25 Islamâ€™s Predicament
Throughout the historical timeline, there are many significant events that happened and shaped the world today. In the Islamic world, there were many historical events that cause Islamophobia in the West. The wave of Islamophobia is highly dependent on global event, especially in the modern days where information is easily available; therefore misconceptions and negative preconceptions are able to spread even faster and wider.
Mosque is derived from Arabic word Masjid means literally ‘house of prostrations’. It is described to served both as a house of worship for Muslims and as a symbol of Islam. In the beginning, monotheistic religions are believed to have opposed the use of any religious building. Paradoxically man starts to embrace idolatrous worship building as reconciliation to human vanity. “Hence, the more impressive the building, the greater the anathema.”1 Soon the religious leaders realized the importance of religious building as a symbol and attraction to maintain or to increase the number of followers. Therefore the greater their shrines are, the stronger the attractive power. Prophet Mohammad once said ‘The world is the Mosque’. Muslims are able to perform their prayers in any clean space2 and at the same time, should acknowledge the physical direction towards the holy Ka’ba.3 These are the only two fundamental requirements prescribed for praying ritual. Each prayer is established by the very presence of a person and the 1 Martin Frishman and Hassan-Uddin Khan, The Mosque History, Architectural Development & Regional Diversity (London: Thames & Hudson Ltd, 2002), 30. 2 Fethi Ihsan, “The Mosque Today,” in Architecture in Continuity, ed. Cantacuzino, Sherban (New York: Aperture, 1985), 54. 3 Ka’ba is the black cube building inside the al-Masjid al-Haram mosque in Mecca. It is considered to be the holiest place in Islam.
profound connection to God, Allah. Essentially, one could argue that Mosque is secondary to Muslims’ connection to Allah. So, why build Mosques? Mosques are designed and built as a space to allow Muslims to perform their prayers both individually and collectively in an appropriate environment. Therefore, Mosques are usually clean, include a mihrab (niche) to indicate the direction and provide amenities to perform the ritual ablutions before praying. Besides providing a prayer hall for prayers and sermons, early Mosques are used to serve as hospitals, community centre, and education centre etc. The multifunctional act of a Mosque is an amplification of the notion of Umma (community) in Islamic principles. Therefore, more than a religious building, the early Mosques are extroverted and played an important role in the community. The Mosque in itself is not sacred but it is through a person that converts a mosque into a ‘mosque’ whenever they perform their prayers. So, why is mosque important to Muslims? Mosque is a physical manifestation of faith and beliefs. However, through time, mosques are also seen as a manifestation of power; monumentalizing and idolatry. Beyond a prayer halls and multifunctional centres, Mosques are symbol of Islam. The mosques promote collective strength and act as catalyse to develop community spirit (ummah).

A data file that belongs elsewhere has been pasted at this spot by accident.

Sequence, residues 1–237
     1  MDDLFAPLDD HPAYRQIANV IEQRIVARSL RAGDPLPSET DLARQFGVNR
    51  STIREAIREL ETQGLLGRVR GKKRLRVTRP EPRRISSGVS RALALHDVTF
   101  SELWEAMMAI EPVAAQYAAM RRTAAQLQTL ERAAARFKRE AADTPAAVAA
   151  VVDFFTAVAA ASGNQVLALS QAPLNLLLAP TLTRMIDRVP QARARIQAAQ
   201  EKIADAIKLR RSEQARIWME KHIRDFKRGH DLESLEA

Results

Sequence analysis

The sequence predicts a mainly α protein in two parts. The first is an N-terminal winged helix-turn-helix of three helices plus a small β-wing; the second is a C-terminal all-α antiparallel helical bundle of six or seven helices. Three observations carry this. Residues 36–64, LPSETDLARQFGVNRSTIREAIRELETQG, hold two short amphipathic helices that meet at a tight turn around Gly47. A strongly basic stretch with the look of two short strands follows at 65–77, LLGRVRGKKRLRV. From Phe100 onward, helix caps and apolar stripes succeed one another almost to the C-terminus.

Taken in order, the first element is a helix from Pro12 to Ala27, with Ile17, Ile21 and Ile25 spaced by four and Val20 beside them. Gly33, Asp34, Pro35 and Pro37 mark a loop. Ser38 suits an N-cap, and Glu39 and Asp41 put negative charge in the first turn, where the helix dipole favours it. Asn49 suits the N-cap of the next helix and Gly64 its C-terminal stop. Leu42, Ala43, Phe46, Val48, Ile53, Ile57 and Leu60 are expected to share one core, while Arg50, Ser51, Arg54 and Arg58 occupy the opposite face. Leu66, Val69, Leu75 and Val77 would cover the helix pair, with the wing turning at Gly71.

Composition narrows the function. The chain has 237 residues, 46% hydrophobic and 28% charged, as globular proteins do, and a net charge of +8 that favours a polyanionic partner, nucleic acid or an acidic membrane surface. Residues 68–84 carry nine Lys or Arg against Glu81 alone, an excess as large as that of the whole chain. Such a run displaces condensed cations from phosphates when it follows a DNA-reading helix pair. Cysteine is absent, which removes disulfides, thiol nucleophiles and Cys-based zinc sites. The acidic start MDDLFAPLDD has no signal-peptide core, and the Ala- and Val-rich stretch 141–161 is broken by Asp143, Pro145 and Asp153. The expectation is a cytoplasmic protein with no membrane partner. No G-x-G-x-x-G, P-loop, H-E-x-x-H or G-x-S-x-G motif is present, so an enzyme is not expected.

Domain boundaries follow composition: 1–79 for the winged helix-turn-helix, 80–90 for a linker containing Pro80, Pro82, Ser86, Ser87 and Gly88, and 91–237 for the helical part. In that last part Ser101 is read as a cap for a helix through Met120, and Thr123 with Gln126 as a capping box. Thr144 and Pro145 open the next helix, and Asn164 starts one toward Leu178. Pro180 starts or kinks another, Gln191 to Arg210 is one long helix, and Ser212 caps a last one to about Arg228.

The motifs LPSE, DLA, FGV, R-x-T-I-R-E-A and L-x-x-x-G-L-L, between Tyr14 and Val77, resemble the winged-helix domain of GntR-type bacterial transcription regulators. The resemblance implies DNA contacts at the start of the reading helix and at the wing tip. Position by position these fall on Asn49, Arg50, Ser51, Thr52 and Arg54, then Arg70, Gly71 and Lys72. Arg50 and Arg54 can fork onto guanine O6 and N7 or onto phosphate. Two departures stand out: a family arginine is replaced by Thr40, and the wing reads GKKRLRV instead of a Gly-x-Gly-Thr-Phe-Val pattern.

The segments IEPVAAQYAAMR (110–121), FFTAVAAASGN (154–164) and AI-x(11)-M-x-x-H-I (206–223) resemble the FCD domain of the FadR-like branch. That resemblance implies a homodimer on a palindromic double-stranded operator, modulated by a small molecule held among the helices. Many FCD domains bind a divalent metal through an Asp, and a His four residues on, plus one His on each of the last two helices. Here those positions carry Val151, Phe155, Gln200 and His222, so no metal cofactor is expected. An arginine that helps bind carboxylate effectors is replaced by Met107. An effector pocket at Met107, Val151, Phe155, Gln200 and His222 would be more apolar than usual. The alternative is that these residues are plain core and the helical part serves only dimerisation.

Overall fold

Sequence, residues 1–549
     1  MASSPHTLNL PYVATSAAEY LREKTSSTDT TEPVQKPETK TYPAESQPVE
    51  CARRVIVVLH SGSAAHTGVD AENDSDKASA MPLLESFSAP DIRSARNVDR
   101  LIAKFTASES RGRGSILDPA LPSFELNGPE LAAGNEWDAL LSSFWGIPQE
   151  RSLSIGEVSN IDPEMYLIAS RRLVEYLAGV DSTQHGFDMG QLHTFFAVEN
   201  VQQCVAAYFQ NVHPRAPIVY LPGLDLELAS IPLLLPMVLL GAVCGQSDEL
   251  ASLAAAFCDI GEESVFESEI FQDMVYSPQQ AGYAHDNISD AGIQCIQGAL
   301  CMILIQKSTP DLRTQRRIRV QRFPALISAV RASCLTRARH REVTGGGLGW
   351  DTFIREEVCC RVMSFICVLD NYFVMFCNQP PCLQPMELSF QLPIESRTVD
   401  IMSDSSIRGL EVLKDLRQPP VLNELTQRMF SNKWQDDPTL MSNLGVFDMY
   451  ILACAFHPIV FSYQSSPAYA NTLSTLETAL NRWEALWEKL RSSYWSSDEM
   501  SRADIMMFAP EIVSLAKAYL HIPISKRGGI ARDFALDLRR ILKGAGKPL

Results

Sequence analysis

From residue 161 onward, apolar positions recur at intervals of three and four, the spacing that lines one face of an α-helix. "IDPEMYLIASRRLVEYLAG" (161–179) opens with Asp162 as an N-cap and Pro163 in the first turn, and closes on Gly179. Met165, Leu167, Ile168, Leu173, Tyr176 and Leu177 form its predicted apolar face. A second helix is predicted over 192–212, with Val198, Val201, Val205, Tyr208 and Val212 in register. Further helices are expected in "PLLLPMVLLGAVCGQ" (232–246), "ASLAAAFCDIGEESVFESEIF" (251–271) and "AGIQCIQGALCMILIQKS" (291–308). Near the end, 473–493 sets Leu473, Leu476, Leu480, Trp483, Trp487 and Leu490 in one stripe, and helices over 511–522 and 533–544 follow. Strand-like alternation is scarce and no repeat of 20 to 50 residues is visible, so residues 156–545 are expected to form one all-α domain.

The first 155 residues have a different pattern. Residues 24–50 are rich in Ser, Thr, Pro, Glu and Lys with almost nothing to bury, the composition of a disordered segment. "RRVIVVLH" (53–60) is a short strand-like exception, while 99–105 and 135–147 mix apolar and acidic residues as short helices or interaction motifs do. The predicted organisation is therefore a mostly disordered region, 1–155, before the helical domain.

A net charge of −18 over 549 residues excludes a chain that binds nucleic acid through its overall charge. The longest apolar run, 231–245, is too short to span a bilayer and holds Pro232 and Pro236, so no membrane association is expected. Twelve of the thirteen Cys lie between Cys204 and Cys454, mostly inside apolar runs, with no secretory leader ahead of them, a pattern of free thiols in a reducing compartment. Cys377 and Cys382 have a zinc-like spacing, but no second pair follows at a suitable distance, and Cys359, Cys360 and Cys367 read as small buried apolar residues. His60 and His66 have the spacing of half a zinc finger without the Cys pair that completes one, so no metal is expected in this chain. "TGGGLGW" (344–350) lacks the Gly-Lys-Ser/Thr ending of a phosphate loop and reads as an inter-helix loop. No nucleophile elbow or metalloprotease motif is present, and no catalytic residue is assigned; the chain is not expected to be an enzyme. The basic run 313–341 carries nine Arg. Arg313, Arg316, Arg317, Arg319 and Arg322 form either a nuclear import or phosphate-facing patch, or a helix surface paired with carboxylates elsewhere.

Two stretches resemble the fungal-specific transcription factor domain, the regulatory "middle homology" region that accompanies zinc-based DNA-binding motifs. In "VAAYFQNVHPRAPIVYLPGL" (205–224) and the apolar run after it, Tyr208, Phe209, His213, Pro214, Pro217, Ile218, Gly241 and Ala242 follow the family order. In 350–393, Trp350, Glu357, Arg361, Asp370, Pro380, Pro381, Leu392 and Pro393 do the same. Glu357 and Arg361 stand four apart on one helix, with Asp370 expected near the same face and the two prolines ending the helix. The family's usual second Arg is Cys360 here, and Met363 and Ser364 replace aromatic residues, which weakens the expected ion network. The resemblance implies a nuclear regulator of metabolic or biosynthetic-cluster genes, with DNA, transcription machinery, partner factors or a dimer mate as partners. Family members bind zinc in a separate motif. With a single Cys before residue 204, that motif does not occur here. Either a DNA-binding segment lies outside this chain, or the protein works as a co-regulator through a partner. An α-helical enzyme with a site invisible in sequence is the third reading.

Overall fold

Al-Masjid al-Haram(The Holy Mosque),Mecca
What is a Mosque?
Islam does not practice the placement of religious value to materials, hence Islam has no specific object or symbol of devotion that are able to evoke emotional response comparable to the symbolic cross to the Christians and the Star of David to the Jews. In Islam, the idea of sacred space did not exist.2 The act of taking off one’s shoes and performing ritual ablutions before entering a mosque is merely acts of self-purification; it is not a suggestion of crossingover from the secular to the sacred domain.